A pedestrian walks posters promoting community spirit, erected during the novel coronavirus COVID-19 pandemic, in Manchester, northern England on June 2, 2020. - British MPs will return to parliament on Tuesday as the virtual system introduced during coronavirus pandemic is ended, with controversial plans to quarantine people entering the country set to be presented. (Photo by Paul ELLIS / AFP) (Photo by PAUL ELLIS/AFP via Getty Images)

The UK’s Covid-19 death toll neared 50,000 on Tuesday (2), confirming its place as one of the worst-hit countries in the world.

The toll now stands at 49,646, including death certificate data for England and Wales released on Tuesday up to May 22, previously published figures for Scotland and Northern Ireland, and recent hospital deaths in England.

The tally, based on Office for National Statistics figures, includes suspected and confirmed cases of Covid-19 deaths.

The confirmed death toll stood at 39,045 on Monday, with an addition of 111 deaths — the lowest daily toll since the start of the nationwide lockdown on March 23.

By either measure, the toll was Europe’s worst, and put Britain behind only the US in officially announced deaths.

The ONS data also showed there had been 56,308 more deaths in England and Wales than the five-year average since the pandemic broke out in March.

The large death toll has prompted criticism of Prime Minister Boris Johnson, who has been accused of not doing enough to counter the pandemic.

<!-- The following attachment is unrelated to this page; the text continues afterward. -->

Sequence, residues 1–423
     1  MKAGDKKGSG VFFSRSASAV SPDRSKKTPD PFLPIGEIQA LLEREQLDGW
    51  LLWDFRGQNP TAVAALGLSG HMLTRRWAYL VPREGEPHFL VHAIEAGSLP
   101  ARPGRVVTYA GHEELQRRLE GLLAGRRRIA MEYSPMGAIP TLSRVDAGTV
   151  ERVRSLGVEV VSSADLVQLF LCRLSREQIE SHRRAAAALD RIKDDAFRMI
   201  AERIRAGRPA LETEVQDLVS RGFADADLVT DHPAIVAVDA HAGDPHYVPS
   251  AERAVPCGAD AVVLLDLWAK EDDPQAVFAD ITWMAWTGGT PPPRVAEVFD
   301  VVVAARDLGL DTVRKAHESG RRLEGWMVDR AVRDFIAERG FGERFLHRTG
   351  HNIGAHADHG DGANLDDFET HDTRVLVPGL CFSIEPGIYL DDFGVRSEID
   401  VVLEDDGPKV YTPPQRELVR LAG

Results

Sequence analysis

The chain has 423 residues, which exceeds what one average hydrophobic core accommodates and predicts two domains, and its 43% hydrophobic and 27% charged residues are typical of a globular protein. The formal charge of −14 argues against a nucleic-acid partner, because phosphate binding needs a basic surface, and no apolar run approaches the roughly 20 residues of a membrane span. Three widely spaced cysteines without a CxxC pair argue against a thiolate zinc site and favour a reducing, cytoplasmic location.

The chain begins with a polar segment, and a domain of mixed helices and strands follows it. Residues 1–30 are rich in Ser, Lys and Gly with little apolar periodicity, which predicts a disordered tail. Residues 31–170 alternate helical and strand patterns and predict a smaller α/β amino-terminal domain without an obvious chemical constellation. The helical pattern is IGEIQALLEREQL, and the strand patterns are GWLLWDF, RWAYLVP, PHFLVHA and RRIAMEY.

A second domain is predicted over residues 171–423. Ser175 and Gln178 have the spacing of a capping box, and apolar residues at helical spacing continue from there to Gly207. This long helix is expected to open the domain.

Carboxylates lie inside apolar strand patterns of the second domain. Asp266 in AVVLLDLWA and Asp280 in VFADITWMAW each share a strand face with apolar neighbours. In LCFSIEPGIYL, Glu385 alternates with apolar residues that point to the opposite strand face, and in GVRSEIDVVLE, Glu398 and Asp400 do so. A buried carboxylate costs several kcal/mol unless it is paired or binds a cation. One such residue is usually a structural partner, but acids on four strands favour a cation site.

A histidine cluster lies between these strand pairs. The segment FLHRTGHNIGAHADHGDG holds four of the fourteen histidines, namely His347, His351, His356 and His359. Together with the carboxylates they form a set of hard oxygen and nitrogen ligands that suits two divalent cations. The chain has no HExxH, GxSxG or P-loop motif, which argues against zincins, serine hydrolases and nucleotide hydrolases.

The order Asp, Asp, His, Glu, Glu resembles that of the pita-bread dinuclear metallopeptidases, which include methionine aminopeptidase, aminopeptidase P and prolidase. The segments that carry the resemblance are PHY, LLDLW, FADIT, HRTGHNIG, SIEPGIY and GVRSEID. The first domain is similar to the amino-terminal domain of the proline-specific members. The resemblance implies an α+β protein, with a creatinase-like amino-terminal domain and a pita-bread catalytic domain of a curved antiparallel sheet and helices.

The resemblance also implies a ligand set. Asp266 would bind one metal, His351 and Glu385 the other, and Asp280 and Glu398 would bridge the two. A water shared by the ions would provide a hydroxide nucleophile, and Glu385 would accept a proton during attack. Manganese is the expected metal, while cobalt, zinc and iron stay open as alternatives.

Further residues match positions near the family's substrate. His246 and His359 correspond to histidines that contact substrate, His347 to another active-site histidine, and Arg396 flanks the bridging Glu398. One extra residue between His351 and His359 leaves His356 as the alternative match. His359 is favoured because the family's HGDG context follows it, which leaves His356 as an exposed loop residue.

The government has conceded that it may have made some mistakes while grappling with the biggest public health crisis since the 1918 influenza outbreak, but highlighted that it ensured the health service was not overwhelmed.

Still, the grim death toll surpasses even some projections by the government’s own scientific advisers.

In March, Britain’s chief scientific adviser said keeping deaths below 20,000 would be a “good outcome”.

Epidemiologists say excess mortality — deaths from all causes that exceed the five-year average for the time of year — is the best way of gauging deaths from a disease outbreak because it is internationally comparable.

Some 62,000 more people than usual have died in the UK during the pandemic, according to the latest available data, an ONS expert said on Tuesday.